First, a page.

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A bilingual companion to The Book of Disquiet, by Fernando Pessoa
Here, in Margaret Jull Costa and Patricio Ferrari’s splendid new translations, are the complete poems of Alberto Caeiro, the imaginary “heteronym” coterie created by Fernando Pessoa, the Portuguese modernist master. Pessoa conceived Caeiro around 1914 and may have named him loosely after his friend, the poet Mário de Sa-Cárrneiro. What followed was a collection of some of Fernando Pessoa’s greatest poems, grouped under the titles The Keeper of Sheep, The Shepherd in Love, and Uncollected Poems. This imaginary author was a shepherd who spent most of his life in the countryside, had almost no education, and was ignorant of most literature; yet he (Pessoa) wrote some of the most beautiful and profound poems in Portuguese literature. This edition of The Complete Works of Alberto Caeiro is based on the magnificent Portuguese Tinta-da-China edition, published in Lisbon in 2016, and contains an illuminating introduction by the Portuguese editors Jerónimo Pizarro and Patricio Ferrari, some facsimiles of the original Portuguese texts, and prose excerpts about Caeiro and his work written by Fernando Pessoa well as his other heteronyms Álvaro de Campos and Ricardo Reis, and other fictitious authors such as Antonio Mora and I. I. Crosse.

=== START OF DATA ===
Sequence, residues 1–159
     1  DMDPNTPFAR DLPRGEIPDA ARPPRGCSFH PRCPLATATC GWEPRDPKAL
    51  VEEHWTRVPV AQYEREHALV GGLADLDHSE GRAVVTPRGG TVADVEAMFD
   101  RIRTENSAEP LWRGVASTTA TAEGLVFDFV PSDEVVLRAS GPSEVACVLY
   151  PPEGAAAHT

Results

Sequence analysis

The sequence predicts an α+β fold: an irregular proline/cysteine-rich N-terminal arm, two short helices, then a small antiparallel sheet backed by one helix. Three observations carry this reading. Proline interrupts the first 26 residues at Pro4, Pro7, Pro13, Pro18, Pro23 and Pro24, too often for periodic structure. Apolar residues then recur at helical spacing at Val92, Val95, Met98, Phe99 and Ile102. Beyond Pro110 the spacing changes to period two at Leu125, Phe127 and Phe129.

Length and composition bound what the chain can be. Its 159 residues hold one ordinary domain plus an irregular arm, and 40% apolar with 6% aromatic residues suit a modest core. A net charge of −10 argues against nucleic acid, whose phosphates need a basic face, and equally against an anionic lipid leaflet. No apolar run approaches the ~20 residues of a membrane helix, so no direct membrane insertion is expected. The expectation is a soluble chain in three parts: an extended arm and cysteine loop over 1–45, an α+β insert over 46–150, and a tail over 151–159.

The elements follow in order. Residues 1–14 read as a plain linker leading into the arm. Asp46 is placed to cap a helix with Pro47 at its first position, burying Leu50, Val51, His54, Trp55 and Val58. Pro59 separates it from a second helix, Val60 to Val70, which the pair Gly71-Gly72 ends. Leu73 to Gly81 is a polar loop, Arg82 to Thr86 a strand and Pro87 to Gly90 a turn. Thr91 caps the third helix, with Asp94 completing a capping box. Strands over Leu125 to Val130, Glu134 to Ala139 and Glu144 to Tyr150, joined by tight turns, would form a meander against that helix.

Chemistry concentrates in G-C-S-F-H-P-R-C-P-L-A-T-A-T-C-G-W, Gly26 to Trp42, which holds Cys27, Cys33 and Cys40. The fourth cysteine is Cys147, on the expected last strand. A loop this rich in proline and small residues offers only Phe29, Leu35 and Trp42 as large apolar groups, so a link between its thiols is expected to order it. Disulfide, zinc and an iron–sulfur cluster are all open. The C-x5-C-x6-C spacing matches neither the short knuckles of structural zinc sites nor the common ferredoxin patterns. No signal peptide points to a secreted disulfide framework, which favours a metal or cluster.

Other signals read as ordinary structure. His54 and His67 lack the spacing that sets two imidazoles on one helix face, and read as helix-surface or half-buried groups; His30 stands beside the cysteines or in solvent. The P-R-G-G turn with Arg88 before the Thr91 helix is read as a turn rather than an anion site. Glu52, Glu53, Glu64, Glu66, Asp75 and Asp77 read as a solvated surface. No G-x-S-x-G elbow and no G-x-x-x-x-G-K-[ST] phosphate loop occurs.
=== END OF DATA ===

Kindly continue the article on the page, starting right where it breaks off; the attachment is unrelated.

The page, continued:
About the Author
Fernando Pessoa (1888–1935), the Portuguese poet, literary critic, and essayist, is one of the most significant literary figures of the twentieth century. He wrote not only under his own name but under over a hundred others (including Alexander Search, Alberto Caeiro, Álvaro de Campos, Ricardo Reis, and Bernardo Soares).
Award-winning translator Margaret Jull Costa lives in England.
Patricio Ferrari is a professor at Rutgers University and has translated and edited works by Fernando Pessoa and Alejandra Pizarnik.
Jerónimo Pizarro is a professor at the Universidad de los Andes and editor-in-chief of Pessoa Plural—A Journal of Fernando Pessoa Studies.
As searing as Rilke or Mandelstam.
Pessoa invented numerous alter egos. Arguably, the four greatest poets in the Portuguese language were all Pessoa using different names.
Here we finally see these poems as they ought to be seen... When I read Pessoa (in his own voice and in the voices of his heteronyms), what I am left with, rather than answers, or even questions, is a feeling, the embarrassment of a genuine sensation, one I might sheepishly call love.
Pessoa’s amazing personality is as beguiling
and mysterious as his unique poetic output.
— William Boyd